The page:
a mash-up of friendship & internet
I recently found out that one of my internet friends is famous. For the sake of approximately six very good reasons, I won’t tell you the circumstances or the details of the aforementioned fame, but needless to say it was both (a) a curious discovery and (b) a kind of reckoning of the state of our friendship, a’la that it’s now almost entirely electronic.
We weren’t always just e-friends. In fact, we’d met in real life and spent real time in the same real space. We’d worked together. We’d spent sometime outside of work together. And we’d generally hung out.
Then drifting occurred: lives shifted, moves happened, and careers diverged. In the end, the best we could muster was a kind of long distance electronic friendship that has over the last couple years degraded to little more than a scattered collection of social media check-ins and digital stalking. We were still connected, friendly, and interested in each other’s lives, but the gaps of time and space left a fog around the definition of that friendly relationship.
And now my friend is apparently famous.
I mean, we’re not talking movie star famous, or fortune-500-famous… but we’re talking newsworthy, wikipedia-page famous, at the very least. Fame comes in many shades, but at the end of the day either you’ve done something of note or you haven’t… and apparently my friend has.
Of course, this discovery and the subsequent reckoning of my connection with this particular person left me in something of a philosophical quandary. It’s not that this was a unique situation, per se. In fact, arguably I share this same type of drifted, loosely-connected relationship with a large percentage of the people I’ve called friends over the years. High school chums, old boy scout pals, former colleagues, university alums, past roommates, and a host of people with whom I once did hours upon hours of marathon training.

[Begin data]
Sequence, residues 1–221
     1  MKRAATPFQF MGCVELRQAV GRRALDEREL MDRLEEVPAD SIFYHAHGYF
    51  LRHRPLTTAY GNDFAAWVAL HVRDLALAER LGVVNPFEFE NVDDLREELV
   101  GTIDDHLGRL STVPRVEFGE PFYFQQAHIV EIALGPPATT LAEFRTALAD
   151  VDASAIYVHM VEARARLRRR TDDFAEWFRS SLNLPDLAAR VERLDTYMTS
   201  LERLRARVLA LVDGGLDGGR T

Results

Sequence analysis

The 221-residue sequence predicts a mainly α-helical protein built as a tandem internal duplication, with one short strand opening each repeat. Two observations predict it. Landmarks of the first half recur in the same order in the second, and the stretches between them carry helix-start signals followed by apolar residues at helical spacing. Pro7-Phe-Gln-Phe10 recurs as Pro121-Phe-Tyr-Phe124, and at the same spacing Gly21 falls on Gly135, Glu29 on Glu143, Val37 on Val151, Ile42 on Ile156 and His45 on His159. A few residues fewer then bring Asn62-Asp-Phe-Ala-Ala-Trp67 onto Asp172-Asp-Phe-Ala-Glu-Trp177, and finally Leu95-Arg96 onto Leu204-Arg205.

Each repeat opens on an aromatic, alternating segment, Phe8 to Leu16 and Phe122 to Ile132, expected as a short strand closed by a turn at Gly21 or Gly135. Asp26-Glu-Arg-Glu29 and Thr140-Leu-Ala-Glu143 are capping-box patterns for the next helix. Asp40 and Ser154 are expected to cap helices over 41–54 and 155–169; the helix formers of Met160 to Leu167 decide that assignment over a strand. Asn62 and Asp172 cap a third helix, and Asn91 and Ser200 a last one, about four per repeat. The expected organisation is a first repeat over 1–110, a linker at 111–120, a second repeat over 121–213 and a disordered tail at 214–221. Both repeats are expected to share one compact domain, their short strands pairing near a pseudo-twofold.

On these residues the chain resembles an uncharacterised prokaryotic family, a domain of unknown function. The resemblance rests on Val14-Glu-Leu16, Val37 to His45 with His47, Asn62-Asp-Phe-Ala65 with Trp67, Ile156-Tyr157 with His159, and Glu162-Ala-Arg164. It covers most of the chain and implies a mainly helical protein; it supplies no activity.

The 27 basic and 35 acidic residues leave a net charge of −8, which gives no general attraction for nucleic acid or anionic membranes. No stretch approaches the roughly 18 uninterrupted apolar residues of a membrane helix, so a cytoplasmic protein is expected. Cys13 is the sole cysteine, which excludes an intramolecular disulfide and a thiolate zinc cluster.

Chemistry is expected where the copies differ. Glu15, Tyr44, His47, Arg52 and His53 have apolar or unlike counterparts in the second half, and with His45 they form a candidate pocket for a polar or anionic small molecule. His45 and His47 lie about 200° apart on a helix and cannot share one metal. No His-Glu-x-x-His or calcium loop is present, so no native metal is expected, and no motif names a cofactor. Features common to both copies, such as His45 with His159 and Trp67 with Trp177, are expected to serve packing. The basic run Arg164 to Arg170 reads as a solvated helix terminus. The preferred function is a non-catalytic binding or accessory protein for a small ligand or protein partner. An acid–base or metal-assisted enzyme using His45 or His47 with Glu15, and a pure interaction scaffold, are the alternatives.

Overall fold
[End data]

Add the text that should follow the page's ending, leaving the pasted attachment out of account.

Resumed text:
But the fame piece throws a metaphorical wrench into those works. It put one in the (admittedly partially selfish) position of wanting to brag about this awesome person you know… once knew… still, kinda… sorta… know-ish. You’re proud of them and simultaneously want to tell the world about this person who was once a measurable part of your life, but that relationship is fuzzy and hard to define.
And then you ask yourself: Are your one-time friends that have become merely e-friends of the kind you keep in scattered and sporadic contact with via vague and self serving channels… are these folks still considered friends? Or are they something else entirely, ill defined by the lack of a word to describe someone distant in time and space… but a mere few clicks of a mouse away?